Limited evidence that shows the impact of an
effective school library on student learning
outcomes: Rhetoric vs Evidence
Limited understanding of how students in specific
curriculum areas learn from a variety of information
sources in the school library when undertaking an
inquiry project
Considerable range of learning dilemmas when
interacting with and using information from the
WWW
          OVERALL GOAL
To test, verify and refine measures to track, assess
and document student learning in school libraries;

To develop a Student Learning Impact Measurement
(SLIM) package for application in diverse classroom
contexts and school settings;

To develop training institutes for CISSL facilitate
implementation of the SLIM package.
          SPECIFIC FOCUS
To understand what happens in students’ minds as they
search for and make use of information to build their own
knowledge in electronic information environments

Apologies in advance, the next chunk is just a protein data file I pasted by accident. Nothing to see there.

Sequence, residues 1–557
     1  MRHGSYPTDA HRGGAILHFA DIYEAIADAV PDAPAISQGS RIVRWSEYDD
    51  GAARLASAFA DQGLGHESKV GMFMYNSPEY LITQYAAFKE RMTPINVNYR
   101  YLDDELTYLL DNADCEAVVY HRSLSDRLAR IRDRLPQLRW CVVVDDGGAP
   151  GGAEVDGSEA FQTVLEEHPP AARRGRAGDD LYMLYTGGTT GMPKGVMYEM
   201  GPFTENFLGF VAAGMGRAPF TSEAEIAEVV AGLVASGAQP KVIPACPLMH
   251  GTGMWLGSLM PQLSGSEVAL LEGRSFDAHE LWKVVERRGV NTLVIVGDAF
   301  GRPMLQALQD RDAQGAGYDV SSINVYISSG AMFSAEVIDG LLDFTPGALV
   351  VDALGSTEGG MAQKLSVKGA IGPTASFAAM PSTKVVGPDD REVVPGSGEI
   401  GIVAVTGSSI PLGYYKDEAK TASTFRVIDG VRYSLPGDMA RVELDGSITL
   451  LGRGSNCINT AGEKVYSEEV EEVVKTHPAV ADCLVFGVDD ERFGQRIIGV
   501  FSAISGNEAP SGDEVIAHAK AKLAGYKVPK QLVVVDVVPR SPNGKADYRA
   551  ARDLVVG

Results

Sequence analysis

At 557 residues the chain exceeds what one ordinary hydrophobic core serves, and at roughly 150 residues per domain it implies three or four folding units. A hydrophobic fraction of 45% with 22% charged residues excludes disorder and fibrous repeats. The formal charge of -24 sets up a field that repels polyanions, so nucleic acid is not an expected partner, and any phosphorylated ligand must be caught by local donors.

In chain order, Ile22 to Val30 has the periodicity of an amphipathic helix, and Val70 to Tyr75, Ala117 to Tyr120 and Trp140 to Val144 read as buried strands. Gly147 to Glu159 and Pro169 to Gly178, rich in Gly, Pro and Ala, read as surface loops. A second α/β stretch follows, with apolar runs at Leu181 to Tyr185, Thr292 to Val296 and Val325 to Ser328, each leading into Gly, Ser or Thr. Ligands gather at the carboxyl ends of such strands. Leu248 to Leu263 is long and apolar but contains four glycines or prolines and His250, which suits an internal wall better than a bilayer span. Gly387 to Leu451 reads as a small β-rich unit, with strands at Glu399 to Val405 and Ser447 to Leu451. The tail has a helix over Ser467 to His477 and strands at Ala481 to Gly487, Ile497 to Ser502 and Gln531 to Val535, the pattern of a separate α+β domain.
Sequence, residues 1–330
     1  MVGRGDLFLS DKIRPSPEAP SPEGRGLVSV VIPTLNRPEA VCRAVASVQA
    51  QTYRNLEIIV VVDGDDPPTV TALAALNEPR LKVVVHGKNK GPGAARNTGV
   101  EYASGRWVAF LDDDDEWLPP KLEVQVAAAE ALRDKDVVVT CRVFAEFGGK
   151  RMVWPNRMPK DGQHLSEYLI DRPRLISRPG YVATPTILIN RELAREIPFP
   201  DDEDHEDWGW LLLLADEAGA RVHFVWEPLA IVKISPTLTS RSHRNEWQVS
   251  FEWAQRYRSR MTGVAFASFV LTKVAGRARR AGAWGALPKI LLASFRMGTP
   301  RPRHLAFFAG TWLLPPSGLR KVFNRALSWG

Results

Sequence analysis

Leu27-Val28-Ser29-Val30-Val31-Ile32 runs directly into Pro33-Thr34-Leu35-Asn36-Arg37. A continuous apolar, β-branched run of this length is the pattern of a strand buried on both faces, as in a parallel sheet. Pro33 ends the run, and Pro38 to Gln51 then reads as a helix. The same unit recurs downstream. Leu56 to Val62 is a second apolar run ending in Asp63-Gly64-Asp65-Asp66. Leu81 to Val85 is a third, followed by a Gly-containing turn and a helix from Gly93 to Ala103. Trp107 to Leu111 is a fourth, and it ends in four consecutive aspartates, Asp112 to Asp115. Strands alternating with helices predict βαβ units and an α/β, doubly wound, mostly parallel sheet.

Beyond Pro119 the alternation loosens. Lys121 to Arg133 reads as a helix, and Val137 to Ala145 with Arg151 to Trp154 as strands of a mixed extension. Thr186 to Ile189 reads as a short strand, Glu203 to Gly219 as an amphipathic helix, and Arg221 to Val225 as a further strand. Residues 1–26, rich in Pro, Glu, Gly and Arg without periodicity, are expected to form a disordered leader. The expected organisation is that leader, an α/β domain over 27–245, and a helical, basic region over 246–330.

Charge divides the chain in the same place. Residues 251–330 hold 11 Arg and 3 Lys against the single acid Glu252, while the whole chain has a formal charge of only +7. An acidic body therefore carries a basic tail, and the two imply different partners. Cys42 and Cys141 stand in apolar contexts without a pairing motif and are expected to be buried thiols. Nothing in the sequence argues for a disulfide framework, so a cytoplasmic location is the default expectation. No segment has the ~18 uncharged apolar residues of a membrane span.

- to understand more fully the knowledge construction
process
- to identify patterns of subject access during the search
process
- to identify patterns of cognitive intents during the
search process

BENFITS
Instructional design that foster students’ interaction with
electronic and print resources in meaningful ways.
Identify some of the barriers and dilemmas that students
face when they engage in learning tasks that require
them to actively search for information in electronic
sources particularly on the Internet.
                         INFORMING FRAMEWORKS

Tasks            Initiation            Selection Exploration Formulation Collection Presentation
----------------------------------------------------------------------------------------------------------------------------------------------------→